Despite being dogged by negative perceptions of expense and security, South Africa’s travel industry is expanding faster the the rest of its economy.
South Africa ranked 64th in the world for travel and tourism competitiveness and third in Sub-Saharan Africa in a recent World Economic Forum Competitiveness Report.
Travel constitutes almost 10 percent of South Africa’s gross domestic product, according to a report by the Oxford Business Group.
A World Tourism & Travel Council report predicts tourism in South Africa will rise by 1.9 percent in 2013 and average 4.5 percent growth through 2023.
Travel poured $34 billion into the South African economy in 2012, slightly more than mining, which contributed almost 9 percent, according to a Chamber of Mines report in the article.
But tourism creates more jobs than mining, about 620,000 in 2012 compared to mining, which provides work for about 500,000 people, the report says.
Next year’s figures may surpass the forecasts, according to the tourism council. From January through November of 2012, South Africa saw 8.3 million non-African tourists, 16 percent more than the previous year and four times the international average for overseas visitors, according to the report.
South Africa’s travel industry also received $5.6 billion of investments in 2012. Investment capital in travel is expected to increase at around 3.5 percent each year for the next 10 years, according to the Oxford Business Group report.
A World Economic Forum Competitiveness Report ranked South Africa third in Africa for travel and tourism competitiveness and 64th in the world. Seychelles and Mauritius took first and second place in Africa. In Sub-Saharan Africa, Namibia ranked fifth, Botswana seventh, Kenya eighth, Rwanda ninth, Uganda13th and Nigeria 22nd out of 31 Sub-Saharan countries.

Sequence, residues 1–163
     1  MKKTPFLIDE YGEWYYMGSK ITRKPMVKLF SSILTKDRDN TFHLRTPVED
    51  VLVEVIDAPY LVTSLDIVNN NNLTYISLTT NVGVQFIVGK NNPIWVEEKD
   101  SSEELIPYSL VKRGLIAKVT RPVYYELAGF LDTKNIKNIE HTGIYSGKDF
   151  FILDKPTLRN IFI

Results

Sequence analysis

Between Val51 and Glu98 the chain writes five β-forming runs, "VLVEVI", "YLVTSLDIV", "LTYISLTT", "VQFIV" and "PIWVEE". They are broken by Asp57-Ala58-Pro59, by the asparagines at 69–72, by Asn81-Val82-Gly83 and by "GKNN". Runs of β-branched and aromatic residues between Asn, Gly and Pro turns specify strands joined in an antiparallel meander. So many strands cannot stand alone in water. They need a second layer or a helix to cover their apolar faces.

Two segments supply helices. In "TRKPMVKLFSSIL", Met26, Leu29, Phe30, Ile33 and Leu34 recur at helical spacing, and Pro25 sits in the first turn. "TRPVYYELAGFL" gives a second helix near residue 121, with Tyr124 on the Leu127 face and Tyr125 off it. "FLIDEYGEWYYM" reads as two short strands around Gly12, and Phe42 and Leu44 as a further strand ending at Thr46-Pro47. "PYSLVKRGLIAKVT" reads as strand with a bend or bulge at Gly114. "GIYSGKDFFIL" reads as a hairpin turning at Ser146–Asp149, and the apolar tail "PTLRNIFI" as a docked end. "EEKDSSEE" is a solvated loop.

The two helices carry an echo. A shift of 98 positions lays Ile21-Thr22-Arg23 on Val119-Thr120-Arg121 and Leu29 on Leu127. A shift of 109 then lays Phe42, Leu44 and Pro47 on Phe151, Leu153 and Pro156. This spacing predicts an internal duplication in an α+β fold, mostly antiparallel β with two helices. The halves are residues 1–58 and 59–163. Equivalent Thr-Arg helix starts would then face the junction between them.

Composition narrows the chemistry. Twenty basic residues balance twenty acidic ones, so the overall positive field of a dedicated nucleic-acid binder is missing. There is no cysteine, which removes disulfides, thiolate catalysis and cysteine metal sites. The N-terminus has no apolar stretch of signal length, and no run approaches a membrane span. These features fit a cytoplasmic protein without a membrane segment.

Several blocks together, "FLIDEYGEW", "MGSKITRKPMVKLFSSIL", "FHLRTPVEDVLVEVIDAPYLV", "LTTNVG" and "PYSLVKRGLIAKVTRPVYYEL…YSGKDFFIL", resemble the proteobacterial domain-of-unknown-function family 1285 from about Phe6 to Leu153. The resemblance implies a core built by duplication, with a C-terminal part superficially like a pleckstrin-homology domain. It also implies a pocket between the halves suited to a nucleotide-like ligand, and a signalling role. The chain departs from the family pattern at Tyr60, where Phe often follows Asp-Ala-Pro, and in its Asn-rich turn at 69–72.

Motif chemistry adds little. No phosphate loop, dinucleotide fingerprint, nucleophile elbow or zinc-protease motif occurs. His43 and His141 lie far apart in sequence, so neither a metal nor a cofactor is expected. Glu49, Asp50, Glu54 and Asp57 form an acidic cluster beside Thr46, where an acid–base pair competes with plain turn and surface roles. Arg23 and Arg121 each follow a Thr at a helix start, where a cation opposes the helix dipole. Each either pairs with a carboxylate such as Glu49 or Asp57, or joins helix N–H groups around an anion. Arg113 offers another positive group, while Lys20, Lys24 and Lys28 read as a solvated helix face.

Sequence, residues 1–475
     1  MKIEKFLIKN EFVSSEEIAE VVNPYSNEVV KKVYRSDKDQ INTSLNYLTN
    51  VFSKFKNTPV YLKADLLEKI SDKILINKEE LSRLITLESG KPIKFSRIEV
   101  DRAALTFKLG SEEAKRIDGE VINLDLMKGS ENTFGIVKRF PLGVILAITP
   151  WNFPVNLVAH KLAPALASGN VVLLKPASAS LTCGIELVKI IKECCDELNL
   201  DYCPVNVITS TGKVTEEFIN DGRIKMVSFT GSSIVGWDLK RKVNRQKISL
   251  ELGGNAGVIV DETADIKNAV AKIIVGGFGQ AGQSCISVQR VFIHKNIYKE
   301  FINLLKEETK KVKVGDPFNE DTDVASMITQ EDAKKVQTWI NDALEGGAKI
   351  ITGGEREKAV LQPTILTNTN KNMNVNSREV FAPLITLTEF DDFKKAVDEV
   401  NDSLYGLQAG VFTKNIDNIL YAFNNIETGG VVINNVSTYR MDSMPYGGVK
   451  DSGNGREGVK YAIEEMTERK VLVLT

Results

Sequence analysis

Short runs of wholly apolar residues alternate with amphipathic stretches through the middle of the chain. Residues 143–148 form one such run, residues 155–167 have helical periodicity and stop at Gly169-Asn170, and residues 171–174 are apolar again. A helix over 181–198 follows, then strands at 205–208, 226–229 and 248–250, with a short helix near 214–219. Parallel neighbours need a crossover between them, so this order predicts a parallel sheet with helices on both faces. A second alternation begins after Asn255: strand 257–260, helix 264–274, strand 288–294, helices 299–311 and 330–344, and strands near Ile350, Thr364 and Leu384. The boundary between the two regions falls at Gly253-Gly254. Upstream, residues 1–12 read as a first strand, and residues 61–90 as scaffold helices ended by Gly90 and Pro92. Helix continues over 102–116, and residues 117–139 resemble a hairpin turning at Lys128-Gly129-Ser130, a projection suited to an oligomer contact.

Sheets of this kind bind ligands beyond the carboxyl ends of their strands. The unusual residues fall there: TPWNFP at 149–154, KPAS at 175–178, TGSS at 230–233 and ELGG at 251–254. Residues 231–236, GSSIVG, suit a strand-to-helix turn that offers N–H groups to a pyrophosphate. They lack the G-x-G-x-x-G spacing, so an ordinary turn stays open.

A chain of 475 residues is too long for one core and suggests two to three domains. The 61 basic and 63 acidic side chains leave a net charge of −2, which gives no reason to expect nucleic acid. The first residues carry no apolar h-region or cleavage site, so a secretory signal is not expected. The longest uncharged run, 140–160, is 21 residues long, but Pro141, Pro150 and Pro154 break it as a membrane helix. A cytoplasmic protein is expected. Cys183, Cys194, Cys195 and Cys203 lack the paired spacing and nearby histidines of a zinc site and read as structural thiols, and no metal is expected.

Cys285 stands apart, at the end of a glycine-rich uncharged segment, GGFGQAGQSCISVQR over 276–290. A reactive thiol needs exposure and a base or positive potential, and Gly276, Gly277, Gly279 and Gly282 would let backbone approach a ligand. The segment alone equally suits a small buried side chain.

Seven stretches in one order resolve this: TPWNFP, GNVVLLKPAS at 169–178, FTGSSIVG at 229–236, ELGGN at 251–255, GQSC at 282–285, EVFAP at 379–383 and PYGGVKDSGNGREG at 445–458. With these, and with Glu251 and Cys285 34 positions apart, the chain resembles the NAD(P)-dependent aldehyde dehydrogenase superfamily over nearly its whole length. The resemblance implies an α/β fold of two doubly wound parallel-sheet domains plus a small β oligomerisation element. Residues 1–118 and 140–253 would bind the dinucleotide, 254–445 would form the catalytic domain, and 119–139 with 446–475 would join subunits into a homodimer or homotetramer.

South Africa got good grades for natural resources, stringent environmental protection and air transport links.
It didn’t do as well for security, ranking 117th out of 140, and 130th in terms of the cost of crime and violence to business. The report also said South Africa was losing its edge to rivals, cost-wise.
Higher fuel, ticket taxes and airport charges have affected the competitiveness of South African travel, the survey found.
Security fears are a major deterrent for travelers, who are less likely to travel if they lack confidence in the social, political and economic foundations of the destinations they want to visit, according to Mariette du Toit-Helmbold, head of Cape Town Tourism, the city’s official tourism marketing agency.
She said in the Oxford Business Group report that her staff tries to stem concerns by distributing safety tips and helpful hints on safety in Cape Town as well as true and relevant statistics on crime in South Africa. Being transparent about safety is helpful, she said.
The facts speak for themselves. Increasing tourism revenue suggests foreign tourists have been not been put off from visiting South Africa so far.